Brian Joss – Toyota Motor Corporation (Toyota) and Denyo have jointly developed the fuel cell power supply vehicle based on a belief that making efforts to apply fuel cell technologies to commercial and industrial vehicles is needed to further reduce CO2 emissions.
As a leading manufacturer of mobile (portable) generators, Denyo will work with Toyota to start verification tests with the aim of commercialising it and to help create a sustainable society. The project has been selected by Japan’s Ministry of the Environment as a “Low Carbon Technology Research and Development Program.”
Together, the two companies have also pursued further possibilities wherein electrified vehicles, considered one important way that they can demonstrate their belief and provide back to society, are able to provide added value as a large-scaled power supply, delivering electricity when and where it is needed in a range of scenarios including disaster-stricken areas without power and entertainment venues such as outdoor concerts.
Many of the current generation of power supply vehicles use diesel engines to provide power to the vehicle on the road and when generating electricity.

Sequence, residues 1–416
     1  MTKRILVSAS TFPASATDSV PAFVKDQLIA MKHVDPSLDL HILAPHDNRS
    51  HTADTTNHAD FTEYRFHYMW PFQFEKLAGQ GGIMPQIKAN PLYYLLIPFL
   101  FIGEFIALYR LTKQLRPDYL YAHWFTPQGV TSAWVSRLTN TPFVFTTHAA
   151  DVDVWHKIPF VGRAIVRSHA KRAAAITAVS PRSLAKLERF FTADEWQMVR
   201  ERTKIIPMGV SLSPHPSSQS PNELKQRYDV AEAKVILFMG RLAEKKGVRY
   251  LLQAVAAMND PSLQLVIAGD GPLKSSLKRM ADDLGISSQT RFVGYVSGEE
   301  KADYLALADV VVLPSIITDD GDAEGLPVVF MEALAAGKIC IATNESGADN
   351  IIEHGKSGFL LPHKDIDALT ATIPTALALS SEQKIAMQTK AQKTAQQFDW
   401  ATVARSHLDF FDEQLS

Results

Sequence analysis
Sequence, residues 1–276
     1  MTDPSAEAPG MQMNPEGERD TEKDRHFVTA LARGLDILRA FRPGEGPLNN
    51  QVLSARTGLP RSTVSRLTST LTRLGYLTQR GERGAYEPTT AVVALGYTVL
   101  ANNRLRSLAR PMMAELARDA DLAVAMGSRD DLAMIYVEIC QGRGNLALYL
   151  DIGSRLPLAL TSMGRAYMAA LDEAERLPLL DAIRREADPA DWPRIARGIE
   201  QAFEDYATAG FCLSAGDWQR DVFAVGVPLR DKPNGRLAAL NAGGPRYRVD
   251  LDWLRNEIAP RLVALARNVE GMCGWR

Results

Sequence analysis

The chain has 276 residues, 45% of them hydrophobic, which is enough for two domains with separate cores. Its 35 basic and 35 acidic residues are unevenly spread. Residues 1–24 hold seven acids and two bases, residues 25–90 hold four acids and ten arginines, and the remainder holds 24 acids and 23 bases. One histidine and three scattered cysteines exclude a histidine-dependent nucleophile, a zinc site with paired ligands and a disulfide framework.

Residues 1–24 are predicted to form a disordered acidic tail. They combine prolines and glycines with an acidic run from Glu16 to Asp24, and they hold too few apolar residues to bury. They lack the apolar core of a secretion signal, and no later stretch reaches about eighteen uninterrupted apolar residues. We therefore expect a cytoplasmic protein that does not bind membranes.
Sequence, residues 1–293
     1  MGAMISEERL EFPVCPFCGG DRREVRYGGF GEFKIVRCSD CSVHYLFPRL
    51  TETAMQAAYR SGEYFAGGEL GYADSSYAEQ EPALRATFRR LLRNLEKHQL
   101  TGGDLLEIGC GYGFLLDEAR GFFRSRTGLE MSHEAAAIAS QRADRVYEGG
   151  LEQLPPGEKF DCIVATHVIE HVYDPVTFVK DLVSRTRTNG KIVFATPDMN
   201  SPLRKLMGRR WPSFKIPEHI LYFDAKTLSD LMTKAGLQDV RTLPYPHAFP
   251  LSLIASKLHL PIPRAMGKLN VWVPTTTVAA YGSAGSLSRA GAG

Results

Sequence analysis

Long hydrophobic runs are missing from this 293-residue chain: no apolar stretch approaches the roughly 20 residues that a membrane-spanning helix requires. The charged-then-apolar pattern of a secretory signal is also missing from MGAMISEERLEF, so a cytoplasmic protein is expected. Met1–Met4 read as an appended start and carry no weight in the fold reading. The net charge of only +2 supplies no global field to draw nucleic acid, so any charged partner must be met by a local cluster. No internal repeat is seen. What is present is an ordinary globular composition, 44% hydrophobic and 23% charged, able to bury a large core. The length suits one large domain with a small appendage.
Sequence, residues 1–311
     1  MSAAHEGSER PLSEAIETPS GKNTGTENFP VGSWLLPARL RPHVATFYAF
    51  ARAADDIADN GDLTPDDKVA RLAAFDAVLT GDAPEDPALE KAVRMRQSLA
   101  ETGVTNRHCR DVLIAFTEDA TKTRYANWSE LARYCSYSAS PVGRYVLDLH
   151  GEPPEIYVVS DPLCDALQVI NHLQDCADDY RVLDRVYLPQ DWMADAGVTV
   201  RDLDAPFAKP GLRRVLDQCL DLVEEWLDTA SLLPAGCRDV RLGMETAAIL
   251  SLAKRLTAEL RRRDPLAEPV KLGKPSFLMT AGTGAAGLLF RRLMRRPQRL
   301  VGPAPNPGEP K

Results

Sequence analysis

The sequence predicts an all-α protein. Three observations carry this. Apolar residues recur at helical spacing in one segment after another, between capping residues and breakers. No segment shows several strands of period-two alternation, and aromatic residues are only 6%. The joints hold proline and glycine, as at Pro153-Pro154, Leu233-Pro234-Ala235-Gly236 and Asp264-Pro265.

Using fossil fuels as energy, they emit substances of environmental concern when driving and generating electricity, including the greenhouse gases, carbon dioxide (CO2) and nitrogen oxide (NOx). Fuel cell power supply vehicles, on the other hand, use fuel cells to provide power. This eliminates the emission of substances of environmental concern, enables up to approximately 72 hours of continuous power supply, and provides water for showers and other uses as a by-product of power generation.
The Toyota/Denyo fuel cell power supply vehicle is based on Toyota’s “Dyna” light-duty trucks, equipped with the fuel cell system of Toyota’s Mirai Fuel Cell Electric Vehicle (FCEV) as its power source. For its power supply unit, it uses a fuel cell power supply equipment developed by Denyo under a program subsidised by Japan’s Ministry of the Environment. The vehicle also carries about 65kg of hydrogen (in 27 hydrogen tanks) for traveling long distances and generating power for long periods of time.
Verification tests for the vehicle will start in September 2020. It will be compared against conventional engine-based power generators to verify the unique characteristics of fuel cell power supply vehicles, including their impact on various load equipment and reductions of CO2 emissions.
As a socially responsible company, Denyo is actively engaged in business activities that are in harmony with the environment, and will also continue to actively develop fuel cell-based products as a leading manufacturer of mobile (portable) generators. Toyota wants to dramatically reduce on-road CO2 emissions. To do so, the company will continue working hard to develop and promote the use of electrified vehicles, in the future.
CAPTION: Reducing CO2 emissions: starting verification tests. Picture: Motorpress